The most discouraging aspect of the case is the application of CERD to Russia’s discriminatory practices in Crimea. This part of the case had the most potential to be adjudged in Ukraine’s favour. The ICJ repeatedly found that Ukraine did not furnish the ICJ with convincing evidence demonstrating that discriminatory acts against Crimean Tatars and ethnic Ukrainians were based on their ethnic origin rather than their political opposition. It also failed to establish indirect discrimination, specifically that Russian measures, including the ban on the Mejlis, had a disparate adverse effect on the rights of Crimean Tatars.

Differential treatment of Crimean Tatars and ethnic Ukrainians on political grounds does not preclude that such treatment was not also based on their ethnic origin (Separate Opinion of Judge Charlesworth, para. 32). As rightly observed, one cannot always isolate ethnic identity from political views (Separate Opinion of President Donoghue, para. 17; Dissenting Opinion of Judge Sebutinde, para. 32). The ICJ failed to take into consideration a broader context in which discriminatory practices were carried out by Russian occupation authorities. Over 100,000 Crimean Tatars and ethnic Ukrainians were forced to flee Crimea, as they were subject to Russia’s pervasive discriminatory measures implemented by Russian occupation authorities. The pro-Ukrainian position of Crimean Tatars and ethnic Ukrainians was often assumed on the basis of their ethnicity. Russia’s attempts aimed at altering demographic composition of Crimea by incentivising ethnic Russians to relocate to the peninsula demonstrates that Russia deliberately created conditions aimed at disadvantaging and discriminating ethnic Ukrainians and Crimean Tatars by driving them out of Crimea. It is somewhat puzzling that the Majority was unable to see beyond discrimination on the political grounds. The ban of the Mejlis constitutes an act of racial discrimination; it undeniably had the effect of impairing the rights of Crimean Tatars (Separate Opinion of President Donoghue, paras 2-26; Dissenting Opinion of Judge Sebutinde, paras 25-32;  Separate Opinion of Judge Charlesworth, paras 31-32ft).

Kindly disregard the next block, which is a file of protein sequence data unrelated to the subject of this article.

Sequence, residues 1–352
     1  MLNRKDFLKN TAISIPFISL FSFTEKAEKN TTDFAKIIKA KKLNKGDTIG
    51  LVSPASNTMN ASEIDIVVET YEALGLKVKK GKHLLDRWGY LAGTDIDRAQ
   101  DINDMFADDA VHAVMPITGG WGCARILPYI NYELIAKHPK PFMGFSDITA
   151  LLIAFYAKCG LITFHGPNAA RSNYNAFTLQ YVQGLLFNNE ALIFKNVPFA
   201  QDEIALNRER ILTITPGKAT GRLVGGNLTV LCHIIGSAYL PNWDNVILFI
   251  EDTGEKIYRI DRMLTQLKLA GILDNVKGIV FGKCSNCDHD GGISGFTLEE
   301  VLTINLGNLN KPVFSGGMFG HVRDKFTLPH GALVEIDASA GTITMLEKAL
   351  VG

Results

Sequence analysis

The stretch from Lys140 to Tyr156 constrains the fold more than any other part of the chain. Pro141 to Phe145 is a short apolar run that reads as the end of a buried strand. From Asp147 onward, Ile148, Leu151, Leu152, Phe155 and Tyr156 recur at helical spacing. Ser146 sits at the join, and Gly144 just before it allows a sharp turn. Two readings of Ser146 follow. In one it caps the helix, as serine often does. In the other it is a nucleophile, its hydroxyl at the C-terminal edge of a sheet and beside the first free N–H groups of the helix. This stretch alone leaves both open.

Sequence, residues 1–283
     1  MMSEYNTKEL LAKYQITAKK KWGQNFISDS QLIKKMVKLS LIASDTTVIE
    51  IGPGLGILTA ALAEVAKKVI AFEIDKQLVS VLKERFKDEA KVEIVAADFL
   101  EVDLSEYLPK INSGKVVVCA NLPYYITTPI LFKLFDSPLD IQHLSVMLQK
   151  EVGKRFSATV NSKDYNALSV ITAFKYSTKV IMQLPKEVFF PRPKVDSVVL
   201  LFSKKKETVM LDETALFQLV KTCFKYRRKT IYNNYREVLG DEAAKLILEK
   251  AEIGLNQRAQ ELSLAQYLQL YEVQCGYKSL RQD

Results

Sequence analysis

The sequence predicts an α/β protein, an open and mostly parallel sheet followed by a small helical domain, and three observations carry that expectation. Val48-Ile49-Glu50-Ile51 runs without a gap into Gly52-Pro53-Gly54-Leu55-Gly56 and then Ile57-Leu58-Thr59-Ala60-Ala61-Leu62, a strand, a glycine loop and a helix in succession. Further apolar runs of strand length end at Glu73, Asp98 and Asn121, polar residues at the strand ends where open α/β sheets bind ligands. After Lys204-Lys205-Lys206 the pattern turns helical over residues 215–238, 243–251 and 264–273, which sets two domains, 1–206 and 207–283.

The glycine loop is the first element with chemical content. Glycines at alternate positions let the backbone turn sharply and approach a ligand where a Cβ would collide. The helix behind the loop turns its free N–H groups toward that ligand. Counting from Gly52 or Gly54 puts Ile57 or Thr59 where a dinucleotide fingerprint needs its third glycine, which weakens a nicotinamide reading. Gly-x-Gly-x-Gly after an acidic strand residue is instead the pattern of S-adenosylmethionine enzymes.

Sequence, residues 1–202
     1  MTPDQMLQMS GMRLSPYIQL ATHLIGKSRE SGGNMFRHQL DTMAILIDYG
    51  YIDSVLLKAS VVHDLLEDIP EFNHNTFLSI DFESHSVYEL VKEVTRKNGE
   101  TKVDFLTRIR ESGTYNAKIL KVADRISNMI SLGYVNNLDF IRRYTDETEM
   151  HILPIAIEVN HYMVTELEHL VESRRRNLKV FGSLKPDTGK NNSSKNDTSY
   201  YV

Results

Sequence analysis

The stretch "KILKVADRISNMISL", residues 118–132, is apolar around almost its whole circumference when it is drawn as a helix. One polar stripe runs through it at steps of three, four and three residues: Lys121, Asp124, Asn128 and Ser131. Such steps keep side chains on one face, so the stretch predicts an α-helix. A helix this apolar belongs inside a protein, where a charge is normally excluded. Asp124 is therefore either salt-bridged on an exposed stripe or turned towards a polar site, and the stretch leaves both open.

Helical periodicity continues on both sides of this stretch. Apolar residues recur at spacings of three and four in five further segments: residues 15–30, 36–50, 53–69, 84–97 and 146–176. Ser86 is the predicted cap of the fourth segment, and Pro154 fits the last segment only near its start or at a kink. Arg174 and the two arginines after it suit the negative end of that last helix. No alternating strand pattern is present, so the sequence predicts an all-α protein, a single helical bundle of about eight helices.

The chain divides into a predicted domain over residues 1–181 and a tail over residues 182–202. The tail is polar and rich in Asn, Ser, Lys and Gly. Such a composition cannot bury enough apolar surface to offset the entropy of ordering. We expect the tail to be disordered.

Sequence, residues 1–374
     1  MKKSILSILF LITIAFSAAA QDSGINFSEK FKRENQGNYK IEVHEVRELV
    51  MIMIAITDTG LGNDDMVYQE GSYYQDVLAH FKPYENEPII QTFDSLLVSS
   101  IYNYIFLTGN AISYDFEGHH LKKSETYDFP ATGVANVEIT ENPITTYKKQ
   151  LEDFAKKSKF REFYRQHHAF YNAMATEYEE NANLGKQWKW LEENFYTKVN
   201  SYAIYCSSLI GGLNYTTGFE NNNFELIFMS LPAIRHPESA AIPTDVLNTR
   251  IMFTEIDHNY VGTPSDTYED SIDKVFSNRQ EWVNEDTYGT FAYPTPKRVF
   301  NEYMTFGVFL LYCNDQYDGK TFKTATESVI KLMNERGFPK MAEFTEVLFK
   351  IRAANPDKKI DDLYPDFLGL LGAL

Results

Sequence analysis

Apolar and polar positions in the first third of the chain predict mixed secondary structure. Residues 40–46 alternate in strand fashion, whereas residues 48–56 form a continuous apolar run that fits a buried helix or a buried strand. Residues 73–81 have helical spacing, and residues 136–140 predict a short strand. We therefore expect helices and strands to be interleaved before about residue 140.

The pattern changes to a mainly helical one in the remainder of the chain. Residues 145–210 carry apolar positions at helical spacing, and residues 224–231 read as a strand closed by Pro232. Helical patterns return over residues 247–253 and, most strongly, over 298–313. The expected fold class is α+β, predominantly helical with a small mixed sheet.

4.The Outcome for Ukraine and Beyond